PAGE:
It is a sentiment echoed by blogger and writer, Kirsten Han. "To me, this looks like something Mica has come up with after being rebuffed by bloggers about the proposal to develop a Code of Conduct," she says. A COC "is not necessary because the Internet can be inherently self-correcting, and we are never going to solve any problem by enforcing any 'code'. We need to look deeper than that."

Philemon is also puzzled by the possibility that a COC is going to be discussed through the MLC although, he says, a closed-door discussion organised by the Institute of Policy Studies some weeks was supposed to have put the matter to rest, given that consensus among bloggers were against such a code. "Now it seems that this new council will find collaborators to push the COC through despite what the general sentiment among bloggers may be."

The overall sentiment online is a lingering distrust of the intentions of the authorities, that there is more to just promoting "cyber wellness" than the authorities are leading on. "Yes, I do see this [MLC] as a Government attempt to stick a hand in where they previously have not had much success in controlling," Ms Han says. "I don't know if there will be any direct curb on free speech but it seems like yet another case of the Government trying to be the 'leader' or 'agenda setter' instead of allowing things to develop organically."

"The MLC will not curb online speech or even achieve any of its aims," says Belmont Lay, editor with New Nation. "This is because the Internet community thrives on being 'uncivilised' and spontaneous. We shouldn't tamper with its best qualities."

The MLC's goals, as Tan says in the MLC's press release, are to "raise the media literacy level of Singaporeans so that everyone can benefit even more from the Internet, and traditional and new media."

"In cyberspace and the real world where people are constantly interacting and sharing information, appropriate social norms and discernment are important," he added.

Cyber safety was also one of the goals of the AIMS initiative 4 years ago.

However, some like Ms Han question if media literacy is about cyber wellness and safety at all. "Although they're certainly not mutually exclusive, media literacy isn't actually about being safe or secure," she says. "It's not about 'appropriate social norms' (who even decides what these norms are?). It's about recognising how the media affect our lives, and therefore taking steps to think critically about the influence that it wields."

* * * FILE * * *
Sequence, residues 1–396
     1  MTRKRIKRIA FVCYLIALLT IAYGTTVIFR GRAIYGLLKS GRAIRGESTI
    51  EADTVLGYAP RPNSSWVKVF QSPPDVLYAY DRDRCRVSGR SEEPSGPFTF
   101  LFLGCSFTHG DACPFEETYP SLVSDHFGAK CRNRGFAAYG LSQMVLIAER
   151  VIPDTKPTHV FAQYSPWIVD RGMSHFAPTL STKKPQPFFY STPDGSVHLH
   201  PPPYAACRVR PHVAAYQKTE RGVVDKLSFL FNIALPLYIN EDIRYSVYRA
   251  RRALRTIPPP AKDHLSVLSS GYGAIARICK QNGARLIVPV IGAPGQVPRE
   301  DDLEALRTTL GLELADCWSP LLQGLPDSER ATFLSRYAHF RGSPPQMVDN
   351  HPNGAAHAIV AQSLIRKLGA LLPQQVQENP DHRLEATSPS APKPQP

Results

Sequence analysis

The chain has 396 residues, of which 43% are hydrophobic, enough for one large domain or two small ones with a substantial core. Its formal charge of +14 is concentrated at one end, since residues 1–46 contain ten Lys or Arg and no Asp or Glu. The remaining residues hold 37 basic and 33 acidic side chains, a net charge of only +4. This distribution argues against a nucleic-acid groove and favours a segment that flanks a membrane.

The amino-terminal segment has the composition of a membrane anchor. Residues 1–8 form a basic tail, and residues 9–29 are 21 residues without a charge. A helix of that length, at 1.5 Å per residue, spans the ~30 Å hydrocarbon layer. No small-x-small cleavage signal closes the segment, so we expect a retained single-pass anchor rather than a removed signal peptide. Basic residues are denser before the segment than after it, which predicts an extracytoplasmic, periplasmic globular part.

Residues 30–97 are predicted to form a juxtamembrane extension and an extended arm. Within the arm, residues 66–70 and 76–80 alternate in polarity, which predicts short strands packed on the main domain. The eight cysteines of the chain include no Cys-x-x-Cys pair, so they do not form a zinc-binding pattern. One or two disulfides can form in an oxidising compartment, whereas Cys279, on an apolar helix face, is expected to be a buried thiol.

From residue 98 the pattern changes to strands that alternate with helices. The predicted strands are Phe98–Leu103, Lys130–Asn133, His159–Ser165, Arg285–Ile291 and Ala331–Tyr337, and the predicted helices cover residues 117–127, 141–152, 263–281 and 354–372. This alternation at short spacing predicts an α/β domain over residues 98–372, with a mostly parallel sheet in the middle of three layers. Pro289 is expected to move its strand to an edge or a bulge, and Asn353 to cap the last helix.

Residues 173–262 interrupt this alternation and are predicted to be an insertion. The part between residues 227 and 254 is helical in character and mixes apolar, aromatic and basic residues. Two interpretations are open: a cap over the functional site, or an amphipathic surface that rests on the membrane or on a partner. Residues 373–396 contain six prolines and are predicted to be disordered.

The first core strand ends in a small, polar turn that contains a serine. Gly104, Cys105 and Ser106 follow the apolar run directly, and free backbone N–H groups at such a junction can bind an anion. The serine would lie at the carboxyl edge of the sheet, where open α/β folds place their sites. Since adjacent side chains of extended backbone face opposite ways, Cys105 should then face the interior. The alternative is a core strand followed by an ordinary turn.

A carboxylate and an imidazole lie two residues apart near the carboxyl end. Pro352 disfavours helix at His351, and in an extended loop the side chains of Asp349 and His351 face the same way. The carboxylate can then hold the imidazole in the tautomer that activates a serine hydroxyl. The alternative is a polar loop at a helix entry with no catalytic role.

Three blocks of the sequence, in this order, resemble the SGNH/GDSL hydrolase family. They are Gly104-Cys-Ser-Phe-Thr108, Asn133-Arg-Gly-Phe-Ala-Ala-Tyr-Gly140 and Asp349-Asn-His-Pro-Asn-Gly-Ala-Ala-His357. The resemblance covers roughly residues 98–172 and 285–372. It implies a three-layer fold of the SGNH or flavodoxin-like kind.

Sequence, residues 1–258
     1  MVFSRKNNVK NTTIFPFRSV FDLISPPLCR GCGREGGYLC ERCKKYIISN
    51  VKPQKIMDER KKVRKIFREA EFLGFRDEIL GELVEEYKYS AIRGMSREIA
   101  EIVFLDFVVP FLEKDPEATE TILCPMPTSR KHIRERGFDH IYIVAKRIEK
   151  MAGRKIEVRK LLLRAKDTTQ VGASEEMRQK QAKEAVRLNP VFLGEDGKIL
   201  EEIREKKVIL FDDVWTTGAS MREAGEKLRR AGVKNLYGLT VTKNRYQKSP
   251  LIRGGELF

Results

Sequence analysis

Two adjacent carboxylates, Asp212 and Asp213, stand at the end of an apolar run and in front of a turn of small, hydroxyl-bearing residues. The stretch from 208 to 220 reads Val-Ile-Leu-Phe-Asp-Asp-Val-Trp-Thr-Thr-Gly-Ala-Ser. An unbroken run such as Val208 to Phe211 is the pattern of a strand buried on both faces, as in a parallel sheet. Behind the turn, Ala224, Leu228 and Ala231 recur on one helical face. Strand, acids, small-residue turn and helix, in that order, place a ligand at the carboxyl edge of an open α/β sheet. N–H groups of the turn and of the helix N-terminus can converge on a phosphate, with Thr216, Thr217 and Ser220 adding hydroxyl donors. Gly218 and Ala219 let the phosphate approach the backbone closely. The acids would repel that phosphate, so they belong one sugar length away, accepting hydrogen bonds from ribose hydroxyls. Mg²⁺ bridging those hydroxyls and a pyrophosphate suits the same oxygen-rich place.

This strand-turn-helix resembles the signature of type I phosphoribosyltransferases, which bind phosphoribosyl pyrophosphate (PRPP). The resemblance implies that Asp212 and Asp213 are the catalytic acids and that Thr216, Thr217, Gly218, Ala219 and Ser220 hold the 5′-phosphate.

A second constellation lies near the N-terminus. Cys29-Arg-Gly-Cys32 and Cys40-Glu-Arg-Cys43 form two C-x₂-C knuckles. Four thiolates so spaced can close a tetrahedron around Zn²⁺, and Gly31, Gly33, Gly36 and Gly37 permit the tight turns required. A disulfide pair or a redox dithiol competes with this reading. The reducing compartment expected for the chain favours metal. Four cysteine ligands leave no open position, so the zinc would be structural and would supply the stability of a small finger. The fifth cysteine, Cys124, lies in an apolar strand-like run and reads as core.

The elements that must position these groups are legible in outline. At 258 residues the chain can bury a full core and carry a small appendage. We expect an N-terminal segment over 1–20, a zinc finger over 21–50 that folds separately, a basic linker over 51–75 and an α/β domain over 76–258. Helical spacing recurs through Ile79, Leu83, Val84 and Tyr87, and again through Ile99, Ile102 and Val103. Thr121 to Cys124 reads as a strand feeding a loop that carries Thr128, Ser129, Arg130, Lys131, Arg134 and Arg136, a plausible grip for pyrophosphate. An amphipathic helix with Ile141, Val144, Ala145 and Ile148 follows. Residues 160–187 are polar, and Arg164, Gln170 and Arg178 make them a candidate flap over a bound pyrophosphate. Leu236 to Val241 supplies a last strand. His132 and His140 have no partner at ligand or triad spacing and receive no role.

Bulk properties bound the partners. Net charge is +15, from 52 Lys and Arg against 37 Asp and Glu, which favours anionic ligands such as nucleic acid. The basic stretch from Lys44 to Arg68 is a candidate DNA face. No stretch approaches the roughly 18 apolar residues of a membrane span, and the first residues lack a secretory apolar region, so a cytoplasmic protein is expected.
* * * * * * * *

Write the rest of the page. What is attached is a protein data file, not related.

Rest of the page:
Council member, former Nominated Member of Parliament, Calvin Cheng, says that there are "many aspects of media literacy in general and the Internet in particular" and he hopes that "we can avoid politicising the MLC and its aims."

"Bullying, stalking, sexual grooming, exposure to pornography and violence are all dangers that our young have to face on the Internet," he says. "[We] could teach our child to stand up to the playground bully in real life, or take the matter up to a teacher, but how do we deal with anonymous bullying on the Internet that can reach out to so many more people at the click of a button?"

"Therefore in the absence of the ability to seek remedial measures, we need new life-skills to acquire preventive measures. And this I think is what the MLC needs to do, and this I think all internet practitioners should support regardless of political beliefs," he says.

Cheng also feels that the mainstream media "needs to really up their standards" and that they should "not instead dumb-down to the lowest common denominator with sensational reporting in order to win back readership."

"Unfortunately, we see some mainstream media providers doing this," Cheng says, "and this makes media literacy skills even more important. Media literacy needs to apply not only to consumers [but to] providers as well."

Still, the initial negative reaction of distrust and scepticism from bloggers remain and, according to Lee Kin Mun, better known as Mr Brown and also affectionately described as the Blog Father of the blogosphere, the "Internet community will very likely not even notice or care about [the MLC's] existence."

"If it makes the government happy to have some kind of advisory council (council sounds SO IMPORTANT!), hey, who are we to tell them not to set up one, right? We wish them all the best in trying to manage the giant ocean known as the Internet."

Andrew helms as Editor-in-Chief. His writings have been reproduced in other publications, including the Australian Housing Journal in 2010. He was nominated by Yahoo! Singapore as one of Singapore's most influential media persons in 2011.